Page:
04 December 2014

The End of a Tired Journey

by Garry Carmody | Contributor

"For the third season in a row, Rangers crash out of the Challenge Cup."

It's a line that's quite difficult to sink in. Last night, on the 89th minute, thousands of heads dropped in unison - another battering to Rangers' already severely depleted reputation was complete. An unforgivably comfortable 2-0 lead thrown away, but the worst part? Nobody seemed particularly surprised and - although embarrassing - it isn't even Rangers' biggest concern.

Even before the lead was thrown away last night, there was an eery atmosphere around Recreation Park last night. From the first minute Rangers were flat and completely devoid of ideas. It was a first half plagued with lethargy and if anything, the team was lucky they didn't fall behind within the 45 minutes. However, for once, the fans didn't respond. There was no rallying cry, no chanting and not even a great deal of anger purveyed. It was all just too familiar - fans know this is the norm under Ally McCoist, and even a scraped win wouldn't have covered the cracks.

The harsh realities of Ally McCoist's failures and negligence are coming home to roost this year. Whilst there were obvious issues in the last two years, it would have been arguably difficult to justify paying a seven-figure sum to get rid of the management team that was technically fulfilling its function. However, this season it is different - the pressure has cranked up a notch, a challenge has been provided and this side haven't risen to it; they have arguably regressed.

Ally McCoist is now approaching the halfway stage in his fourth season as manager at Ibrox. The one painstakingly realistic truth that surrounds this season? There is absolutely no indication he has made any improvements as a manager following his long apprenticeship under Walter Smith. Even those that remember the cup games he took charge of as assistant - those feel as familiar as ever in 2014. The same issues that were laid bare during his early days as manager are still there. His inability to captivate fans during the fourth and third tier of Scottish football was bemoaned time and time again. And now, as Rangers embark upon "Stage Three", the same problems exist.

The Ally McCoist question has changed, however. For two years, the main concern of fans was: "is there a philosophy and a long-term plan in place here?". The questions were correctly asked, but never answered in more than clich├ęs. However, that is not the question this year. There is no time for romanticism and nostalgia - Rangers have a fight on their hands this season that they haven't known over recent years. Forget Alloa - of course it was disappointing and embarrassing - but the real damage was done at Tynecastle last Saturday. 

Rangers had a proper challenge to rise to then, and they failed dismally. Time and time again, when the pressure has been on, McCoist and his side have crumbled. If every fan is honest with themselves, I imagine most will know this hasn't been working for three seasons - but it's only now that we're seeing the real consequences of this. Rangers now find themselves nine points behind Hearts - a position even the greatest McCoist cynic could barely have envisaged. And instead of looking to peg that lead back, Rangers currently only look capable of widening the deficit between themselves and a bullish, young Hearts team - ironically, everything McCoist should have set about building in 2012.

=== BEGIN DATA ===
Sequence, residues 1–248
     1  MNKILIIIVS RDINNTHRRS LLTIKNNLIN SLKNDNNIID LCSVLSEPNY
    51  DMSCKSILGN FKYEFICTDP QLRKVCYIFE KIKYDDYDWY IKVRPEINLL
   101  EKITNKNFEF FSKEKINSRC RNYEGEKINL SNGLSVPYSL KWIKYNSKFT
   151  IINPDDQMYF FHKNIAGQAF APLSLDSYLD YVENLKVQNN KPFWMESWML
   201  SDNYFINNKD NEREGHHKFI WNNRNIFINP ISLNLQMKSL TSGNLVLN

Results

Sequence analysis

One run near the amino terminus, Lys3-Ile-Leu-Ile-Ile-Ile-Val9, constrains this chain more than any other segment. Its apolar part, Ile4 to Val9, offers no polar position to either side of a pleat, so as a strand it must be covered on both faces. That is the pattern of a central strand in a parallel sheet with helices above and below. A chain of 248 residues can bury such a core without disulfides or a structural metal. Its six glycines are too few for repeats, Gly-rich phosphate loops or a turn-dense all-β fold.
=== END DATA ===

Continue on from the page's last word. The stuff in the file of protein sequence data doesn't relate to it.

McCoist needs saved from Rangers as much as Rangers need saved from McCoist. Needless to say that the manager has been handsomely rewarded over his time at Ibrox, but only the harshest critics could not help but feel sympathy for the way he has been left hung out to dry by boardroom crisis after boardroom crisis. His existence as a bulwark against directorial incompetence is a fallacy, and one could even argue that his continued employment at the club only serves as a justification for the owners rather than a stance against them. Unfair as that may be, that was part and parcel of the role McCoist was landed with when he lead us though the dark days of administration. His role is a poisoned chalice; expected to be more than a manager but ultimately powerless.

Alas, that ties into the current problem. Severe mismanagement means Rangers cannot afford to pay off McCoist unless an owner stumps up the cash. The decision rests within his own hands. Can the man continue to look his players and the fans in the eyes and say he is still positive for Rangers? Can he truly say he is the man to turn the club round and peg back a rampant Hearts side ? The number of fans that believe the answer to these questions to be "yes" are lowering by the day, yet this can and would still be an amicable split. Myself and thousands of others would be heartbroken to see it turn into a nasty divorce.

Every man must know his time to step up - Ally McCoist did that admirably in 2012. However, every man must also know his time to admit defeat.

That time is now. For the good of Rangers Football Club and Ally McCoist himself, a new management team is needed sooner rather than later.